voltage, and power.
a. Click the on-screen "start" button to activate data
sampling. The software has been configured to start
sampling once the current starts flowing.
b. Close the switch to position 1 and observe the charging
of the capacitor for 100 seconds. The software has been
configured to terminate data sampling after 100 seconds.
c. Close the switch to position 2 to discharge the
capacitor.
2. What differences—if any—are apparent when the
resistance is approximately doubled? Remember you're
comparing this circuit to the original RC circuit in part A.1.
Which measurements—if any—don't seem to be significantly
different? Discuss each measurement with respect to time as
well.
–
+
E
S
1
2
+
R
C
–
V
R
–
A
+
a. Voltage.
b. Current.
c. Charge.
d. Energy stored.
The Book of Phyz © Dean Baird. All rights reserved.
1/16/08
db
PART C. VARY THE CAPACITANCE
1. Two capacitors in series. Connect two capacitors in series.
Measure the voltage across the entire combination. Observe the
charging of the capacitor in the series capacitor RC circuit while
recording the current, voltage, and power.
a. Click the on-screen "start" button to activate data sampling.
–
+
E
S
b. Close the switch to position 1 and observe the charging of
the capacitor for 100 seconds.
1
2
+
R
c. Close the switch to position 2 to discharge the capacitor.
C
V
C
2. What differences—if any—are apparent when a single
capacitor is replaced by two capacitors connected in series?
Which measurements—if any—don't seem to be significantly
different? Discuss each measurement with respect to time as well.
a. Voltage.
A
–
–
+
b. Current.
c. Charge.
d. Energy stored.
3. Two capacitors in parallel. Connect two capacitors in parallel.
Observe the charging of the capacitor in the parallel capacitor RC
circuit while recording the current, voltage, and power.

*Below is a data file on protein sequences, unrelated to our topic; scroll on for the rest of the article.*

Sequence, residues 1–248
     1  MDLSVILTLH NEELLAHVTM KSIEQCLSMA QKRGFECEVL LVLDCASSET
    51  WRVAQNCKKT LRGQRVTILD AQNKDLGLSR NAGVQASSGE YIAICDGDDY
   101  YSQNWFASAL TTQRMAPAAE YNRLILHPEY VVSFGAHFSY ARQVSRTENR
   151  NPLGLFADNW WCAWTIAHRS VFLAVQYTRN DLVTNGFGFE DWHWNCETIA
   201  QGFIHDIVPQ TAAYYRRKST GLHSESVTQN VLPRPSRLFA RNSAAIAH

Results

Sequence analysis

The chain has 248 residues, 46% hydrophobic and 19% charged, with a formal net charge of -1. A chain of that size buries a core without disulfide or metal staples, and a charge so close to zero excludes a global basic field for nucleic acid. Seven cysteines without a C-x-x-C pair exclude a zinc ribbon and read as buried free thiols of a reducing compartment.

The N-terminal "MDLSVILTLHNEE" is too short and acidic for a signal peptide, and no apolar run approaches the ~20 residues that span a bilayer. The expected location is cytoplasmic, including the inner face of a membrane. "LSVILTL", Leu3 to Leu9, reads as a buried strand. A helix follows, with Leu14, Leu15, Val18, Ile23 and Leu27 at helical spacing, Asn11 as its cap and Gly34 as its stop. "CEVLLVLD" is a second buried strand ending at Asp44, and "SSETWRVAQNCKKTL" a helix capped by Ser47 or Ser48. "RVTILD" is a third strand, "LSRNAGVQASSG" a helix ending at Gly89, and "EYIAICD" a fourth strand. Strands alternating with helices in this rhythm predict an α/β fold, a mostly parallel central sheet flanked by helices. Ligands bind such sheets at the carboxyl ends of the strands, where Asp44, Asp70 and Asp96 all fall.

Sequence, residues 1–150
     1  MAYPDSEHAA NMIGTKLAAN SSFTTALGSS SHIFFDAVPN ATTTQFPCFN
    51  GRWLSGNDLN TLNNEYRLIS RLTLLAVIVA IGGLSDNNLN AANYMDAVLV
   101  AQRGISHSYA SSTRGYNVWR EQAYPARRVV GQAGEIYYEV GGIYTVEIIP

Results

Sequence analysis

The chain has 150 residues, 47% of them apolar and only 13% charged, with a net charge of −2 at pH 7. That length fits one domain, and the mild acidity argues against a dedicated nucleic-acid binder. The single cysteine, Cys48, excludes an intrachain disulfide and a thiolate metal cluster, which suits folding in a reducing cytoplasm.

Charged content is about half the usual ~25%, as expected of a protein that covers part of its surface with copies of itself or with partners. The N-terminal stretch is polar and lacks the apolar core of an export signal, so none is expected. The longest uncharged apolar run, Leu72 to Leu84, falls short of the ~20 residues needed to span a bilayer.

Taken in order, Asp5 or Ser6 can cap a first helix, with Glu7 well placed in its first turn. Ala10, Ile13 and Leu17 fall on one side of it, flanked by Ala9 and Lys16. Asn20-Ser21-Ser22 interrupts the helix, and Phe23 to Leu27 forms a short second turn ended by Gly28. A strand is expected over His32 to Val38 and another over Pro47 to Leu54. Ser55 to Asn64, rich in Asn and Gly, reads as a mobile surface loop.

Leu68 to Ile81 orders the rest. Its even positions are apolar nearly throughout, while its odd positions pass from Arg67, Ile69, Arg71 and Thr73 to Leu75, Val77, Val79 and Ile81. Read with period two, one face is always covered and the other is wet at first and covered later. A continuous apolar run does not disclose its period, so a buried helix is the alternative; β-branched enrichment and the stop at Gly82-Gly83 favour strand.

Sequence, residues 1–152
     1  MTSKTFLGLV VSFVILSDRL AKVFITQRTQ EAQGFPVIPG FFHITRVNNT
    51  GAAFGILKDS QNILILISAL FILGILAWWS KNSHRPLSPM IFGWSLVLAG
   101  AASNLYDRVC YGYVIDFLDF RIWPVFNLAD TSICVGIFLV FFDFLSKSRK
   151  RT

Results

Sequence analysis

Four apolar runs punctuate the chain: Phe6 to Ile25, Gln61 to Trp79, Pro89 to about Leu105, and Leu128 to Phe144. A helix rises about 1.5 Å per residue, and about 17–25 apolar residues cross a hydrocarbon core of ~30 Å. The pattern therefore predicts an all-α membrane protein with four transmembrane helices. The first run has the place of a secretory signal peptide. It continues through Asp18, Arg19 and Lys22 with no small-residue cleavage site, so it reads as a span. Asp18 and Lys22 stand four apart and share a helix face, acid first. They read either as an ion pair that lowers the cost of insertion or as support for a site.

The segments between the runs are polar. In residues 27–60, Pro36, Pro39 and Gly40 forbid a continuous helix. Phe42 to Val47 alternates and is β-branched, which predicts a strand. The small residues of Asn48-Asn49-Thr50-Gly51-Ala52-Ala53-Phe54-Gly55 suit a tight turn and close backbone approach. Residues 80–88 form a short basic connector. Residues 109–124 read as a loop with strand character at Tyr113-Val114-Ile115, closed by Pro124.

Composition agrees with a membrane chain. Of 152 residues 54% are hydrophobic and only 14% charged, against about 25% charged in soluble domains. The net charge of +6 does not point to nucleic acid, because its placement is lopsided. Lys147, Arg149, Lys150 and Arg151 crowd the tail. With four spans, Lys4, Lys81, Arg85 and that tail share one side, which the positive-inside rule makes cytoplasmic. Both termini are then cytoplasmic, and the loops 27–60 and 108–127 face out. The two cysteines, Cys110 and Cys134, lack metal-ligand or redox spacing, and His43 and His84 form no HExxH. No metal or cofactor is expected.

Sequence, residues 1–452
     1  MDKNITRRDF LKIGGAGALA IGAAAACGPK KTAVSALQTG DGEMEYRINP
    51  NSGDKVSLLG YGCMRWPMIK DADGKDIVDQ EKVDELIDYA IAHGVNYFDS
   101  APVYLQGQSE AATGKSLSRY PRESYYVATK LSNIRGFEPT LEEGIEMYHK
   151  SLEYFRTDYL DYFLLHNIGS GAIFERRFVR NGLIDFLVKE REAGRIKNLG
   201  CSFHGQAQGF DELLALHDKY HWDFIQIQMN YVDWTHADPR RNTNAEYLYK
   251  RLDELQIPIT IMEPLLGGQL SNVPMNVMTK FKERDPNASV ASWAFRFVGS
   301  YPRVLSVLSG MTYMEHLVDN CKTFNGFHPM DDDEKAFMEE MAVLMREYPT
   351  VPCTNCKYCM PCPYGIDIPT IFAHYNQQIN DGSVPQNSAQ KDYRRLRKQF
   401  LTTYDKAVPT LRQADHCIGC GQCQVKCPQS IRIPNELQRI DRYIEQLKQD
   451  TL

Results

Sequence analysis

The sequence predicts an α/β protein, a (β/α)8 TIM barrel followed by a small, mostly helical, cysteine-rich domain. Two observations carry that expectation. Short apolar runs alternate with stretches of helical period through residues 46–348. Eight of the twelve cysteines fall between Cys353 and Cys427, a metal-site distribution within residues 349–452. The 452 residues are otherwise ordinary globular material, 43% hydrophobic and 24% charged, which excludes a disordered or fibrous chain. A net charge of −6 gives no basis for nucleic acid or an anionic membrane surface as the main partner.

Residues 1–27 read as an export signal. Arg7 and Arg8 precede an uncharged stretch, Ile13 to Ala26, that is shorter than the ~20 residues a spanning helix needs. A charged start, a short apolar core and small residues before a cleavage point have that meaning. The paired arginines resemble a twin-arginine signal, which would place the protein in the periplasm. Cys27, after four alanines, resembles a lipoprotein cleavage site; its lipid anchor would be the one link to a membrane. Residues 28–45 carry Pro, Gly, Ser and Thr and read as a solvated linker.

a. Click the on-screen "start" button to activate data sampling.
b. Close the switch to position 1 and observe the charging of
the capacitor for 100 seconds.
c. Close the switch to position 2 to discharge the capacitor.
4. What differences—if any—are apparent when a single
capacitor is replaced by two capcitors connected in parallel?
Which measurements—if any—don't seem to be significantly
different? Discuss each measurement with respect to time as well.
a. Voltage.
–
+
E
S
1
2
+
R
C
C
V
–
–
A
+
b. Current.
c. Charge.
d. Energy stored.
The Book of Phyz © Dean Baird. All rights reserved.
1/16/08
db
• Analysis •
1. Use maximum potential and charge values to determine the effective capacitance of the
a. series capacitors.
b. parallel capacitors.
2. How should capacitors be connected to produce maximum capacitance? __Series __Parallel
• Post Lab Questions •
1. What would happen if the circuit were connected with no resistor
a. during the charging process?
b. during the discharge process?
2. What values of potential, resistance, and capacitance yield the greatest storage of charge (separated in
the capacitor)?
a. Potential: __High __Low __doesn't matter.
b. Resistance: __High __Low __doesn't matter.
c. Capacitance: __High __Low __doesn't matter.
3. What values of potential, resistance, and capacitance yield the greatest storage of energy?
a. Potential: __High __Low __doesn't matter.
b. Resistance: __High __Low __doesn't matter.
c. Capacitance: __High __Low __doesn't matter.
4. Consider the potential vs. time plots for four identical capacitors in RC circuits during the charging process.
If curve S represents a capacitor connected in series to a resistor of resistance R and a battery with a
potential V,
a. what are the characteristics of the circuit depicted in curve A?
b. what are the characteristics of the circuit depicted in curve B?
c. what are the characteristics of the circuit depicted in curve C?
The Book of Phyz © Dean Baird. All rights reserved.
A
S
B
C
1/16/08